Compared to the verbal fisticuffs former Maricopa County Attorney Andrew Thomas and Arizona schools Superintendent Tom Horne laid on each other in their recent Horizon debate over the GOP primary nod for Arizona Attorney General, the Democratic AG debate Wednesday on Horizon was rather tame, save for a burst of sparring toward the end.
A little more than half-way through, my ears pricked up when host Ted Simons asked Democratic state House Minority Leader David Lujan why he missed the House's April 13 vote on SB 1070, a gaffe over which Lujan is still smarting, a gaffe I exposed in this blog shortly after SB 1070 passed the House 35 to 21.
(From there the bill went back to the state Senate, was approved, and ultimately went on to be signed into law by Governor Jan Brewer.)
Lujan told Simons that he'd worked to kill the bill in the past, but that when it came up for a vote on April 13, he was away from Phoenix.
"I was already out of town," said Lujan. "I had been out of town on a previously scheduled trip that has been scheduled for four months. [SB 1070] wasn't scheduled for a vote until the night before..."
But Lujan was in town. He was at a House caucus meeting at the Capitol that morning. And I caught up with him early that evening at a small Democratic party function, specifically to ask him why he missed the most important vote of his career, and one of the most important votes in the history of the state.
At that time, Lujan told me he wanted to be present for the vote, but that he couldn't make it because it was his parents' 60th wedding anniversary, and he had to attend a party for them that afternoon.
I thought that was a pretty lame excuse at the time, particularly coming from the leader of the House Democratic caucus. Still, here he was on TV offering a slightly less lame one, that also happened to be untrue.
I called Lujan, confronted him, and asked for an explanation of the inconsistency. He told me that he messed up when responding to Simons' inquiry.
"I just misspoke," he said. "I don't know why it came out of my mouth that I was out of town. I was in town."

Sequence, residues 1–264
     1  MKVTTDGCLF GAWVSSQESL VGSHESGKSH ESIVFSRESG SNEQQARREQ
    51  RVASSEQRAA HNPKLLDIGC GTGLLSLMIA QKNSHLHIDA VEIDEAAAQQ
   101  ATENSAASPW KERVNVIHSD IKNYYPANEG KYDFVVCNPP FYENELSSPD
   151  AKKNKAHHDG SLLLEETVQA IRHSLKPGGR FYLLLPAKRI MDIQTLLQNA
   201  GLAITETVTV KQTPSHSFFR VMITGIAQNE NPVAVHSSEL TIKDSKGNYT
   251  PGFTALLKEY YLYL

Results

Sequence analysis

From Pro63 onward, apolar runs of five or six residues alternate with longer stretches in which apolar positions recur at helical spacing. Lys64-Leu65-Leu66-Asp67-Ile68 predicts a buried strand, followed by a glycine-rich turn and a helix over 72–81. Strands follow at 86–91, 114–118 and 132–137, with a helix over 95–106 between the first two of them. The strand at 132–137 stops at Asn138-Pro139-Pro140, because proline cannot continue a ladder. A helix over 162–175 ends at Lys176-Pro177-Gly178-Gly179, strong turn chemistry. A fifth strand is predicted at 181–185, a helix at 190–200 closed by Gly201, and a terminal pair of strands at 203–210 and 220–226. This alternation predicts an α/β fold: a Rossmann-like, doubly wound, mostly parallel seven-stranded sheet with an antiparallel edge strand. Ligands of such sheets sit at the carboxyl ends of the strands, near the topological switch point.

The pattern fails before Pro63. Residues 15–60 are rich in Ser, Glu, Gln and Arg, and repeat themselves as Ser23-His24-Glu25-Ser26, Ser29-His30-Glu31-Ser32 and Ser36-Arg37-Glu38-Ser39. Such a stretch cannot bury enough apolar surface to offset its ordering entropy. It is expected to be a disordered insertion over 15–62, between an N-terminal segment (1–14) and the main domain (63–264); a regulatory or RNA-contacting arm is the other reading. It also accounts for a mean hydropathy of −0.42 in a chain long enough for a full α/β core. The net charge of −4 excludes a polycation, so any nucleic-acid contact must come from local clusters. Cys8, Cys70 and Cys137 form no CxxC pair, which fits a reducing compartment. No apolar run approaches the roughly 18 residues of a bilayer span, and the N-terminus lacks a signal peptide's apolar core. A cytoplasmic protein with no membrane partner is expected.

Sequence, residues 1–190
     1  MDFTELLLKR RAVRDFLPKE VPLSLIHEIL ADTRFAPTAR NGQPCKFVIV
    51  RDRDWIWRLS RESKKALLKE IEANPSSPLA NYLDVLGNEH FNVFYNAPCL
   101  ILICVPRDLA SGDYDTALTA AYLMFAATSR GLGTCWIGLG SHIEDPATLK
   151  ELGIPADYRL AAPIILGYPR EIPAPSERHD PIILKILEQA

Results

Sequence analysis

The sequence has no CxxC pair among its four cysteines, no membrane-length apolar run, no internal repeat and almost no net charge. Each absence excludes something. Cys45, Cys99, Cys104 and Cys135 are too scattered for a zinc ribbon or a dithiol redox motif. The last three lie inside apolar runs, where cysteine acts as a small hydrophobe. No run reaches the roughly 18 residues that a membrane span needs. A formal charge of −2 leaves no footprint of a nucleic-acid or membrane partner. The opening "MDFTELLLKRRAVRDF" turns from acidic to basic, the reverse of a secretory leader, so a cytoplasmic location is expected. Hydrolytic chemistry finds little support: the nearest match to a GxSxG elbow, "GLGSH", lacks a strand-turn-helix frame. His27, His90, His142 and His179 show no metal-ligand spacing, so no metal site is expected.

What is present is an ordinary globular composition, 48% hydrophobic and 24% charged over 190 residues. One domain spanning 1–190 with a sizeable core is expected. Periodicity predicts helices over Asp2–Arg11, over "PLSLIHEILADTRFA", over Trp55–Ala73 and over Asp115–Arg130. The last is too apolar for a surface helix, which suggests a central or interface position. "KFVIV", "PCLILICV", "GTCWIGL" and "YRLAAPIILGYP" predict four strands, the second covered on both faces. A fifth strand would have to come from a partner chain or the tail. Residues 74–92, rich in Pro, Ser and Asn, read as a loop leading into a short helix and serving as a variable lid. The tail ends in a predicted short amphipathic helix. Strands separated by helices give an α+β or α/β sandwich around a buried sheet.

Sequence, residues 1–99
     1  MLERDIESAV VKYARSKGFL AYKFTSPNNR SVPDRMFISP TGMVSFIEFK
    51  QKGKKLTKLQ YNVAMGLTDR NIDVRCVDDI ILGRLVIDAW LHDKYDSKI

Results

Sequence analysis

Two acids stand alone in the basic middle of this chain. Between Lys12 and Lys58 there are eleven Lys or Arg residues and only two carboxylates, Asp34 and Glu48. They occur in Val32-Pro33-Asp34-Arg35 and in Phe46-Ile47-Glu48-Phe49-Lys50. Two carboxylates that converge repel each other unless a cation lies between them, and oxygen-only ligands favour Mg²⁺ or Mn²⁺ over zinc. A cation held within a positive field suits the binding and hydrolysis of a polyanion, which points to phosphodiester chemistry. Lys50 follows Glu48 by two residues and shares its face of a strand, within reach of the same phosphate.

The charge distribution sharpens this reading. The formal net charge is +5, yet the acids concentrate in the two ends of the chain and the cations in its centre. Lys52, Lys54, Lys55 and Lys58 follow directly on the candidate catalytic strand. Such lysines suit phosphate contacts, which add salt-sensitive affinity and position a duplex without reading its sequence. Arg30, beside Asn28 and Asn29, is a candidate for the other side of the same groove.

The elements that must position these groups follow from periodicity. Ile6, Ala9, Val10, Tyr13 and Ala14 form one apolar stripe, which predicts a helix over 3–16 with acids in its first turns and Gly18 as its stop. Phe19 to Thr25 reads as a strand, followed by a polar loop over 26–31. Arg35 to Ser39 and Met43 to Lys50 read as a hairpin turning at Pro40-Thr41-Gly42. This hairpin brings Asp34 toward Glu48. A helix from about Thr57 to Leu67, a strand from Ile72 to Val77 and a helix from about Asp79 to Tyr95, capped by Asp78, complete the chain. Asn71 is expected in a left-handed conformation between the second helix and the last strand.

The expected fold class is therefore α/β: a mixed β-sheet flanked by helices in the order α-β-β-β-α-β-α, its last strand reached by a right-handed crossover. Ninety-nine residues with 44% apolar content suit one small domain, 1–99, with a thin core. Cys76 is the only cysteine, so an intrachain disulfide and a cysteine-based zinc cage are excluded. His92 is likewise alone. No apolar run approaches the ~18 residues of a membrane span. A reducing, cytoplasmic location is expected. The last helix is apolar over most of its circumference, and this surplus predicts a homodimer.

He admitted that he'd been at the Capitol that morning, but was absent for the rest of the day.
And what was he doing while the vote was going on?
"My parents' anniversary was coming up, so planning those events and other activities I was doing, [for] the nonprofit that I worked at, just a lot of things that were going on," he stated.
Even this answer is a little different from the one he gave me on April 13, where he said that he had to make his parents' party that afternoon.
The reality is, Lujan shrugged off the vote two months ago. It was only after he realized that people were ticked about it that he turned contrite. At a Democratic AG debate at ASU the next day, he apologized every chance he got when the matter was raised. By then, he realized what a mistake he'd made in shirking his duty as leader of the Dems in the House.
Lujan should have been on the House floor throwing everything including the kitchen sink into the fight. There were people there working their rears off trying to turn Republican votes, doing everything possible to stop that freight train of hate legislation from passing through. But the Dems' leader had already abandoned his post.
This is why I agree with the comments of one of Lujan's rivals for the Democratic nod, Vince Rabago.
"It's a failure of leadership, in my view," Rabago told Simons of Lujan's absence. "If you're elected to be the leader of an organization in the Democratic Party, in the House of Representatives, you cannot miss a vote like that. Whether you're against it or for it, that's your job. And as Attorney General, you cannot take a walk on things. You make life or death decisions, in death penalty cases, that you cannot avoid."
Other than Rabago's criticism of Lujan, some other sparks did fly in the latter part of the debate, particularly between Rabago and AG contender Felecia Rotellini.
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Rotellini charged that a payday loan suit Rabago had pursued as an assistant AG had never gotten out of the gate. Rabago countered that he'd gotten an injunction from the judge in the case. Rotellini characterized this as a "lie." On Rabago's Web site, what's said to be the judge's minute entry concerning that injunction and the injunction itself have been posted.
Rabago charged that Rotellini was part of a revolving door, going to work for the banking industry after serving as the state's banking regulator under Governor Janet Napolitano. Rotellini contended she had regulated "small community banks," not the big banking interests that have received bailouts from the federal government
The Rabago-Rotellini exchange was welcome, particularly after the dull opening of the half-hour. I would only advise them to turn some of the vitriol on Lujan, who has more name recognition than either of them, and is less deserving of the win that same name recognition might presage.